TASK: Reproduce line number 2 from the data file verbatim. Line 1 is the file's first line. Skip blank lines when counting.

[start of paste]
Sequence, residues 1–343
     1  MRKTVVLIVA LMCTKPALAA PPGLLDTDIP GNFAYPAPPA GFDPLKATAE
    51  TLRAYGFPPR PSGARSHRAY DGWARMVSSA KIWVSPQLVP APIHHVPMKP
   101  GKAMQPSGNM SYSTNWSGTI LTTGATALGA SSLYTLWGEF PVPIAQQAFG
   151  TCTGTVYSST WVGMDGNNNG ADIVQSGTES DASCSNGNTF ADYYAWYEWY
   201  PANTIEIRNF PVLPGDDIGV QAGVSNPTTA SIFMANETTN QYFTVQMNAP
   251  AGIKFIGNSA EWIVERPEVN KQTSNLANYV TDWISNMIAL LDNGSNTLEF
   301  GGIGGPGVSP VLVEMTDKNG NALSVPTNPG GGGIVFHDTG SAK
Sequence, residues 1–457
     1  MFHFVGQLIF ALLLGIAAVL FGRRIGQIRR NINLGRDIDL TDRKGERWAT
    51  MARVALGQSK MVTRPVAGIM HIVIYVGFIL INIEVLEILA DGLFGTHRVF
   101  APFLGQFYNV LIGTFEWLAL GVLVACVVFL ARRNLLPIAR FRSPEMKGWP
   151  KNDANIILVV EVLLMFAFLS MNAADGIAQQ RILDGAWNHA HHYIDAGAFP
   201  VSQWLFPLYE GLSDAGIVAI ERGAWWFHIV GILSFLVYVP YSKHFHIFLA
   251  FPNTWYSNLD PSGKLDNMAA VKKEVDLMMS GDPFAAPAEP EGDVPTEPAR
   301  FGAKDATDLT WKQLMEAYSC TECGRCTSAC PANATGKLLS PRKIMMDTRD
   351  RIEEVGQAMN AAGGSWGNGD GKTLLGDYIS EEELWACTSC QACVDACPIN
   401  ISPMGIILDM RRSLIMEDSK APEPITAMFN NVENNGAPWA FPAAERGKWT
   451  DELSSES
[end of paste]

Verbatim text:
     1  MRKTVVLIVA LMCTKPALAA PPGLLDTDIP GNFAYPAPPA GFDPLKATAE